In a paper exploring experiences of university teachers working in situations of technology-enhanced learning Naidu, Cunnington and Jasen(2002) show the complexity of the processes people go through in adopting technology. Comments like: ‘the primary issues are design skills and seeing the bigger picture’, ‘we never really considered it until the teaching and learning project grants came along’, ‘it was partly driven by available staff’ and ‘finding people was the biggest problem’ (Naidu et al. 2002 :27) show the reasons people adopt and use new technologies in teaching have at least as much to do with human interactions as with the technology itself.

We argue that if you want to understand how ICT is adopted for training purposes then you need to examine all the human and non-human (technological) interactions involved that contribute to the final product. In this case approaches are needed that allow the complexity to be traced, and not diminished by categorisations(Law 1999) or assumptions about intrinsic attributes of humans and non-humans. A common method of handling complexity in all areas of study lies in simplification, but in this case the danger with simplification is that it runs the risk of concealing the parts played by many actors and so makes the process seem simpler than it really is.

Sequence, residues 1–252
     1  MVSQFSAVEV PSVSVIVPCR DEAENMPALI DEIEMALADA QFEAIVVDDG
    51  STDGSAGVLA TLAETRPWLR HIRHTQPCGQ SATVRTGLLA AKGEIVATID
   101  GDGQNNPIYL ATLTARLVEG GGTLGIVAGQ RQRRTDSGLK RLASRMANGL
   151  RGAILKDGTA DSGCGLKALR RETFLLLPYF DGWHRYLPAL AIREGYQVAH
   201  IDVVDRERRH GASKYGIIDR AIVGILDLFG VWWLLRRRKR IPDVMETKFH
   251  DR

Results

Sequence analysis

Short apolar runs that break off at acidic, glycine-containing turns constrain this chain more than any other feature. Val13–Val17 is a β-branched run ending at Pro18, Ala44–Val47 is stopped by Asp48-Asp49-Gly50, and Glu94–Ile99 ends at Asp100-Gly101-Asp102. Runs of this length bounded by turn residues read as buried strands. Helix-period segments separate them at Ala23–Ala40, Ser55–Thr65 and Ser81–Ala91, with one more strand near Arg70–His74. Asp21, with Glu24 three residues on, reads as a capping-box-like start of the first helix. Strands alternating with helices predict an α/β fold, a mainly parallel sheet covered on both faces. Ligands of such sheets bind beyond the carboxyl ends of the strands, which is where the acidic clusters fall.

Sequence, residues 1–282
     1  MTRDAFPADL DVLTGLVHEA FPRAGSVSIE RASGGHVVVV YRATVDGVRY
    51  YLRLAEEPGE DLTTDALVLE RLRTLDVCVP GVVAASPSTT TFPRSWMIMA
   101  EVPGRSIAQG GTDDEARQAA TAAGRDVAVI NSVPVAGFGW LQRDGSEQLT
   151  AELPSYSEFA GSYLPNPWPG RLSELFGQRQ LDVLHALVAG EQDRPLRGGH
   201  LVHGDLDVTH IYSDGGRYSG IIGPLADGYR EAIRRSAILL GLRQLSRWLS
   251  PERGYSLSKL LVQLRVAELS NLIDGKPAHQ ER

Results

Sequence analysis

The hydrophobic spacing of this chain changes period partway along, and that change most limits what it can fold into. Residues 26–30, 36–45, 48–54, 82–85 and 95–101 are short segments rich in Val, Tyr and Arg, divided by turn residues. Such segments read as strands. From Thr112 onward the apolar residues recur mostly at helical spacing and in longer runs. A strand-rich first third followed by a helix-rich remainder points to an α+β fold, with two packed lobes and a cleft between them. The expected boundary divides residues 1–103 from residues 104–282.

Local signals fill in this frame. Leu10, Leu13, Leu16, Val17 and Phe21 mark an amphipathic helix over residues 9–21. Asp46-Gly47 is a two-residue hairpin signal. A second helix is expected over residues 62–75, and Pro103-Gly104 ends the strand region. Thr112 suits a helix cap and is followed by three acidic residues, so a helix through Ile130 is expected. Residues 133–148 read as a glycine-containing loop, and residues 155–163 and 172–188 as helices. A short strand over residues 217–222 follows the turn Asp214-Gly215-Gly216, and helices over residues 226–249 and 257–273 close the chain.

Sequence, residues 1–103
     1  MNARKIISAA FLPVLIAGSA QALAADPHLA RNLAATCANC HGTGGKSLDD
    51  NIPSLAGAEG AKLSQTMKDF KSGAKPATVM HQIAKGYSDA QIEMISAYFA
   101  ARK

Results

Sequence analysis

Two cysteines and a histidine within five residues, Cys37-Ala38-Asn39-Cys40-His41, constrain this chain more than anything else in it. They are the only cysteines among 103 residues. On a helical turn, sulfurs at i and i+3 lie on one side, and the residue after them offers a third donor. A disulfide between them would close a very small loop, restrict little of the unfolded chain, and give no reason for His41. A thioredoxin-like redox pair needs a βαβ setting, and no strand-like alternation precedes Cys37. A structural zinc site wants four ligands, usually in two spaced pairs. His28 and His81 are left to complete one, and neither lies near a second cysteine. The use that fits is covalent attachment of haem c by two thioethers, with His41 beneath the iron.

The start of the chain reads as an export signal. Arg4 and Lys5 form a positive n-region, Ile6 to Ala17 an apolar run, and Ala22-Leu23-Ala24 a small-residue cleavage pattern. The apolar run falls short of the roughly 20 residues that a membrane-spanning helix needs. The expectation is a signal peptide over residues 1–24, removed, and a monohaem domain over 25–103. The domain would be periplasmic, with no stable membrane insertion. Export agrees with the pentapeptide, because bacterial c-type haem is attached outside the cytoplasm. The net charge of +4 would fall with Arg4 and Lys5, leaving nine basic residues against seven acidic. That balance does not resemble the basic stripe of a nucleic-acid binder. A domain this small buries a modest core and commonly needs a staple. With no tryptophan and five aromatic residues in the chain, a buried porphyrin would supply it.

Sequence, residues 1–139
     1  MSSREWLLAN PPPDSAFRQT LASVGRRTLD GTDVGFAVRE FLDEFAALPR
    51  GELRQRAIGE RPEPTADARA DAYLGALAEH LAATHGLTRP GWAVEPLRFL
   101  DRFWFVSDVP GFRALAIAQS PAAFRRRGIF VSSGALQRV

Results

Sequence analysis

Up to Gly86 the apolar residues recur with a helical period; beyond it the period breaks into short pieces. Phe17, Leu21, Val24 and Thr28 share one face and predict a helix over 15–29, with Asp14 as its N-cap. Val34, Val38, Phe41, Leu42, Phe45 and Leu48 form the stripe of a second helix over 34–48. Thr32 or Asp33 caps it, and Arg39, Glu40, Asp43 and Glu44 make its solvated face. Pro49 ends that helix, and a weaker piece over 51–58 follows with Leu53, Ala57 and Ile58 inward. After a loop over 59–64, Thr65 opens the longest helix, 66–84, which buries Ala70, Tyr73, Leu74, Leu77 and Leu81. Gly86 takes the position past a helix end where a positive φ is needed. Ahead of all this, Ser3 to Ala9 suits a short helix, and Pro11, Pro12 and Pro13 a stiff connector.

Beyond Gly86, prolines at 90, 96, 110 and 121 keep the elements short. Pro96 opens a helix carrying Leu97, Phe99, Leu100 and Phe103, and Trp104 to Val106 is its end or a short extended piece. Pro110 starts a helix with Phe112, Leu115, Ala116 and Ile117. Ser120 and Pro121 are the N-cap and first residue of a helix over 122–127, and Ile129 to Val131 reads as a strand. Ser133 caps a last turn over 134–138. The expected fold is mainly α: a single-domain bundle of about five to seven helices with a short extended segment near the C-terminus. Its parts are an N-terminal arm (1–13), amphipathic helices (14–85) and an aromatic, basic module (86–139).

Ecology, Innovation and Change

We contend that most models of innovation and change in organizations are too simplistic to allow a useful view of ICT in training, and its development, as a complex system involving a multitude of both human and non-human interactions (Tatnall and Gilding 1999). Kreijns, Kirschner and Jochems(2002) use the concept of a ‘social system’ when defining requirements for a distance learning environment. Where we find this relevant to our work is as an example of how a similar area of enquiry can be used to offer language and concepts pertaining to the new area.